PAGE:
The determination of personal jurisdiction is a two-part inquiry. The trial court first must examine whether the exercise of jurisdiction over the defendant falls within North Carolina's long-arm statute, N.C.Gen.Stat. § 1-75.4, and then must determine whether the defendant has sufficient minimum contacts with North Carolina such that the exercise of jurisdiction is consistent with the due process clause of the Fourteenth Amendment to the United States Constitution. Murphy v. Glafenhein, 110 N.C.App. 830, 833-35, 431 S.E.2d 241, 243-44, review denied, 335 N.C. 176, 436 S.E.2d 382 (1993). The standard of review of an order determining personal jurisdiction is whether the findings are supported by competent evidence in the record; if so, this Court must affirm the order. Cameron-Brown Co. v. Daves, 83 N.C.App. 281, 285, 350 S.E.2d 111, 114 (1986).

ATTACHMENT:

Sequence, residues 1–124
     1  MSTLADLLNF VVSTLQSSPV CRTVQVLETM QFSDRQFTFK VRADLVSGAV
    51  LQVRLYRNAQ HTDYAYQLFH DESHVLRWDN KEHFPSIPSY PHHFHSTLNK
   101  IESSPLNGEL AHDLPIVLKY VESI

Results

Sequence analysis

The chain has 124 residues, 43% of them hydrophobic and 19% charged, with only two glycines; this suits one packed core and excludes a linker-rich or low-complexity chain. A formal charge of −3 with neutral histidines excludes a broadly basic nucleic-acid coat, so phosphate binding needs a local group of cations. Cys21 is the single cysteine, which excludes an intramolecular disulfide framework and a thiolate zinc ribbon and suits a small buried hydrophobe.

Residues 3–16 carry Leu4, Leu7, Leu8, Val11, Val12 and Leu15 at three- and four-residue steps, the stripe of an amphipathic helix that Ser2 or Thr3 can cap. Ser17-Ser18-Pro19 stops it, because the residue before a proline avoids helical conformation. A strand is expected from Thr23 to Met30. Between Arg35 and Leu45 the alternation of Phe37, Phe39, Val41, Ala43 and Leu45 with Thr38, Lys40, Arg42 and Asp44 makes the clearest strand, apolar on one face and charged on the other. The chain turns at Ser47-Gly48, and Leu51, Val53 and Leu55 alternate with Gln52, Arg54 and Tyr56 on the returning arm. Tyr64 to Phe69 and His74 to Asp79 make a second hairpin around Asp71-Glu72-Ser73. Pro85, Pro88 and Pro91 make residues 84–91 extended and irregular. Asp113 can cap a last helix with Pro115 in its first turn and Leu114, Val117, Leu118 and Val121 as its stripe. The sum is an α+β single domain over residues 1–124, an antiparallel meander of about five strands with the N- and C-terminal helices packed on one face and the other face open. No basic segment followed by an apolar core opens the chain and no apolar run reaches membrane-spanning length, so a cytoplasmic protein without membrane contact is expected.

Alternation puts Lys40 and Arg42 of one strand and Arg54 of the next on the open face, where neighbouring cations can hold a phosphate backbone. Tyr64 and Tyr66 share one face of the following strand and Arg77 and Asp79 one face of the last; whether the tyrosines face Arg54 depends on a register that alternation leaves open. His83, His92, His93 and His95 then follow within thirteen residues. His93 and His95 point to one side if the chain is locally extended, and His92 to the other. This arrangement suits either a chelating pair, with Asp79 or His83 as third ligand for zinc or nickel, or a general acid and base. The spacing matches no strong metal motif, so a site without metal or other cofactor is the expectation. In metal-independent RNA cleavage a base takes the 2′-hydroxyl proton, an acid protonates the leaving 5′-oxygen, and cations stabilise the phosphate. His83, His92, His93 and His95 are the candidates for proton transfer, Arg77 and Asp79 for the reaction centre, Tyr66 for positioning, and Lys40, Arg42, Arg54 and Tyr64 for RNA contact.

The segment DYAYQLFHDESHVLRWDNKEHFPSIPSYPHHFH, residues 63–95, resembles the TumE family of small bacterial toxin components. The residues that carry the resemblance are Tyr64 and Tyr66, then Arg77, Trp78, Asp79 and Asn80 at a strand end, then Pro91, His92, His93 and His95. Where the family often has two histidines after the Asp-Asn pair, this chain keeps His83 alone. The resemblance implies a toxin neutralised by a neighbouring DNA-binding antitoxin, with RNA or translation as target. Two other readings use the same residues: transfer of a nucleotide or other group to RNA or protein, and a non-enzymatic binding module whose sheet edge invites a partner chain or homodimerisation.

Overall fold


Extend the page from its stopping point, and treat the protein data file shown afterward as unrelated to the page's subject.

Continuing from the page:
Neither defendant in his brief appears to contest that North Carolina's long-arm statute, N.C.Gen.Stat. § 1-75.4 (1983), confers jurisdiction on our courts in this case. Rather, the central claim of both defendants is that they lack sufficient minimum contacts with North Carolina to satisfy due process. Whether minimum contacts are present is determined not by using a mechanical formula or rule of thumb but by ascertaining what is fair and reasonable under the circumstances. Phoenix America Corp. v. Brissey, 46 N.C.App. 527, 531, 265 S.E.2d 476, 479 (1980). However, "[i]n each case, there must be some act by which the defendant purposefully avails himself of the privilege of conducting activities within the forum state, thus invoking the benefits and protections of its *834 laws...." Tom Togs, Inc. v. Ben Elias Industries Corp., 318 N.C. 361, 365, 348 S.E.2d 782, 786 (1986) (citing Hanson v. Denckla, 357 U.S. 235, 253, 78 S. Ct. 1228, 1240, 2 L. Ed. 2d 1283, 1298 (1958)).